Log Anomaly Detection as a foundation of Autonomous Monitoring

We believe the future of monitoring, especially for platforms like Kubernetes, is truly autonomous. Cloud native applications are increasingly distributed, evolving faster and failing in new ways, making it harder to monitor, troubleshoot and resolve incidents. Traditional approaches such as dashboards, carefully tuned alert rules and searches through logs are reactive and time intensive, hurting productivity, the user experience and MTTR. 

We believe the future of monitoring, especially for platforms like Kubernetes, is truly autonomous. Cloud native applications are increasingly distributed, evolving faster and failing in new ways, making it harder to monitor, troubleshoot and resolve incidents. Traditional approaches such as dashboards, carefully tuned alert rules and searches through logs are reactive and time intensive, hurting productivity, the user experience and MTTR. We believe machine learning can do much better – detecting anomalous patterns automatically, creating highly diagnostic incident alerts and shortening time to resolution.

Read More

How Fluentd collects Kubernetes metadata

As part of my job, I recently had to modify Fluentd to be able to stream logs to our (Zebrium) Autonomous Log Monitoring platform. In order to do this, I needed to first understand how Fluentd collected Kubernetes metadata. I thought that what I learned might be useful/interesting to others and so decided to write this blog.

As part of my job, I recently had to modify Fluentd to be able to stream logs to our (Zebrium) Autonomous Log Monitoring platform. In order to do this, I needed to first understand how Fluentd collected Kubernetes metadata. I thought that what I learned might be useful/interesting to others and so decided to write this blog.

Read More

Autonomous log monitoring for Kubernetes

Kubernetes makes it easy to deploy, manage and scale large distributed applications. But what happens when something goes wrong with an app? And how do you even know?

Kubernetes makes it easy to deploy, manage and scale large distributed applications. But what happens when something goes wrong with an app? And how do you even know? We hear variations on this all the time: “It was only when customers started complaining that we realized our service had degraded”, “A simple authentication problem stopped customers logging. It took six hours to resolve.”, and so on.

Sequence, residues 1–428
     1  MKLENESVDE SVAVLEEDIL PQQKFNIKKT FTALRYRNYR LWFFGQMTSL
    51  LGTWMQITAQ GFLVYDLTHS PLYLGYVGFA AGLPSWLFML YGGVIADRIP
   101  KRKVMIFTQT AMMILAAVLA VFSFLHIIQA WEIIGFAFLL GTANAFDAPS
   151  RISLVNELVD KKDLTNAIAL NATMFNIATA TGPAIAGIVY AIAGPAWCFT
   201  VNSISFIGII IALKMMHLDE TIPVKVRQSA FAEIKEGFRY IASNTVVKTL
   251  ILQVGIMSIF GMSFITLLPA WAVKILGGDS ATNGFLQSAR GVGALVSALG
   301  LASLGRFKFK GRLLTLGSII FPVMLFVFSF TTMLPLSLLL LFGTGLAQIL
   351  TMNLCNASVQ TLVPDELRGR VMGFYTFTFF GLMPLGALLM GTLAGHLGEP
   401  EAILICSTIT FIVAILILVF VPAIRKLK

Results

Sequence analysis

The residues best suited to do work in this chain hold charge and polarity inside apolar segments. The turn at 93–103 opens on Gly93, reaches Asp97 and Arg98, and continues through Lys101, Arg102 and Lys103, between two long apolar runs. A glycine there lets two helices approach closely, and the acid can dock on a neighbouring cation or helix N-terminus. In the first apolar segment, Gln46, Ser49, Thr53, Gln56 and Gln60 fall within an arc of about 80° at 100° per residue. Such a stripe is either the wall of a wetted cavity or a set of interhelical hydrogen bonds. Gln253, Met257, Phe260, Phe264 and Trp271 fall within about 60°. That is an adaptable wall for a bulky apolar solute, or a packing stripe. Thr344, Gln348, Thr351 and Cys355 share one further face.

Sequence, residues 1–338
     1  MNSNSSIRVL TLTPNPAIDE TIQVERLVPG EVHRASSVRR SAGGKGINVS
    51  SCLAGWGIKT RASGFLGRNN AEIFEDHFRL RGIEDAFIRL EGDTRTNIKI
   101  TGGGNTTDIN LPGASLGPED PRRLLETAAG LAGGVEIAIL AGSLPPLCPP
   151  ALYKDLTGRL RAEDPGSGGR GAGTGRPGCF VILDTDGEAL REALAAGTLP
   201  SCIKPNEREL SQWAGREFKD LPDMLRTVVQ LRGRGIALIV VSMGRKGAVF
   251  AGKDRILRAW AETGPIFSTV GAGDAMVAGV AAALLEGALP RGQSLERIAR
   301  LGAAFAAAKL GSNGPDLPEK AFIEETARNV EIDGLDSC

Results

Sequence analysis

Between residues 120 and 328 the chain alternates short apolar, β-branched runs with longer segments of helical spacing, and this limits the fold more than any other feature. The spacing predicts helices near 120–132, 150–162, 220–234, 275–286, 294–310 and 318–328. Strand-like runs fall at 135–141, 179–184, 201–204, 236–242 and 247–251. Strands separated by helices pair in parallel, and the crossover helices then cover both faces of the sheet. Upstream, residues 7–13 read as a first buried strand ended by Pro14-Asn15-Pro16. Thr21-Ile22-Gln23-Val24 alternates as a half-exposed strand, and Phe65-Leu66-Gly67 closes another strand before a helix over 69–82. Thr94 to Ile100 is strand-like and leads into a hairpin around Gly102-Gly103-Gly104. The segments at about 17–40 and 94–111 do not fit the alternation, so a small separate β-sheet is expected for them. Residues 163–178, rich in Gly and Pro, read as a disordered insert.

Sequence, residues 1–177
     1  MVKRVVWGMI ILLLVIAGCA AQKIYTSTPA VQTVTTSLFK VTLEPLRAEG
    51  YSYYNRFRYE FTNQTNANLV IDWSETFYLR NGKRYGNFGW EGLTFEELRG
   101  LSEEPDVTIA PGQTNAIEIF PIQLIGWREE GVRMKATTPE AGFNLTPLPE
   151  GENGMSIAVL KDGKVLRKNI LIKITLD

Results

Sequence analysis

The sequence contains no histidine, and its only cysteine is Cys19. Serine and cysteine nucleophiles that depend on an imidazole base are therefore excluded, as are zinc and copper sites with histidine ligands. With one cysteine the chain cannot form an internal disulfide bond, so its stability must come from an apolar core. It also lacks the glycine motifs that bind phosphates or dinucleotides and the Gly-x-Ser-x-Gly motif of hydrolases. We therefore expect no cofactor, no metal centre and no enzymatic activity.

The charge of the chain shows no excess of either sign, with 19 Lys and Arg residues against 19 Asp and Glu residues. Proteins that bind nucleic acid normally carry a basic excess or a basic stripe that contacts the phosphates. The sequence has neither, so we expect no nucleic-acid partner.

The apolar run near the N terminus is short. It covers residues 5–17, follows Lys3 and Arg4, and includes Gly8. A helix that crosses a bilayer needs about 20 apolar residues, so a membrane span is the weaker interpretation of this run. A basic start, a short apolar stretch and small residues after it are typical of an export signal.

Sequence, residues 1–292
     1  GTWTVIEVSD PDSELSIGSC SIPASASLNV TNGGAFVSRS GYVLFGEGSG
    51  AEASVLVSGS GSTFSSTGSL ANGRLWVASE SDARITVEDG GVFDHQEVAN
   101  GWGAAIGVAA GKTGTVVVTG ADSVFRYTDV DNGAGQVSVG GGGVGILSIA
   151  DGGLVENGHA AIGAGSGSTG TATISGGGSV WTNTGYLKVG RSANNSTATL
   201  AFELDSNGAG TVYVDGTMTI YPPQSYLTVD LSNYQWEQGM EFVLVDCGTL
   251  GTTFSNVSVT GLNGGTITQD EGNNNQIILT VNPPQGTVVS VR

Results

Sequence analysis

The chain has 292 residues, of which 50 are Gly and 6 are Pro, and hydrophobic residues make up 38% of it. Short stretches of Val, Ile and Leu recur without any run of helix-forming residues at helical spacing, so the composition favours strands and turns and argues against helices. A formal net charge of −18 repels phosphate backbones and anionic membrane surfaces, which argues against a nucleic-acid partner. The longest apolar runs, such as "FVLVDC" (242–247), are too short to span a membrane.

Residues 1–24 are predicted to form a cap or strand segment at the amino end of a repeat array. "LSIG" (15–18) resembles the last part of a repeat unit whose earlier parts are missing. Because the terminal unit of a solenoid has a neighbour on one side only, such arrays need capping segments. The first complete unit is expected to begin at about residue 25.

Read More

Using machine learning to shine a light inside the monitoring black box

A widely prevalent application monitoring strategy today is sometimes described as “black box” monitoring. Black box monitoring focuses just on externally visible symptoms, including those that approximate the user experience. Black box monitoring is a good way to know when things are broken.

Read More

The hidden complexity of hiding complexity

Kubernetes and other orchestration tools use abstraction to hide complexity. Deploying, managing and scaling a distributed application are made easy. But what happens when something goes wrong? And, when it does, do you even know?

Kubernetes and other orchestration tools use abstraction to hide complexity. Deploying, managing and scaling a distributed application are made easy. But what happens when something goes wrong? And, when it does, do you even know?

Read More

Using ML and logs to catch problems in a distributed Kubernetes deployment

It is especially tricky to identify software problems in the kinds of distributed applications typically deployed in k8s environments. There’s usually a mix of home grown, 3rd party and OSS components – taking more effort to normalize, parse and filter log and metric data into a manageable state. In a more traditional world tailing or grepping logs might have worked to track down problems, but that doesn’t work in a Kubernetes app with a multitude of ephemeral containers.

It is especially tricky to identify software problems in the kinds of distributed applications typically deployed in k8s environments. There’s usually a mix of home grown, 3rd party and OSS components – taking more effort to normalize, parse and filter log and metric data into a manageable state. In a more traditional world tailing or grepping logs might have worked to track down problems, but that doesn’t work in a Kubernetes app with a multitude of ephemeral containers. You need to centralize logs, but that comes with its own problems. The sheer volume can bog down the text indexes of traditional logging tools. Centralization also adds confusion by breaking up connected events (such as multi-line stack traces) in interleaved outputs from multiple sources.

Read More

Featured Posts

AUTONOMOUS INCIDENT
DETECTION
 
TRY IT NOW!
 
FREE SIGN-UP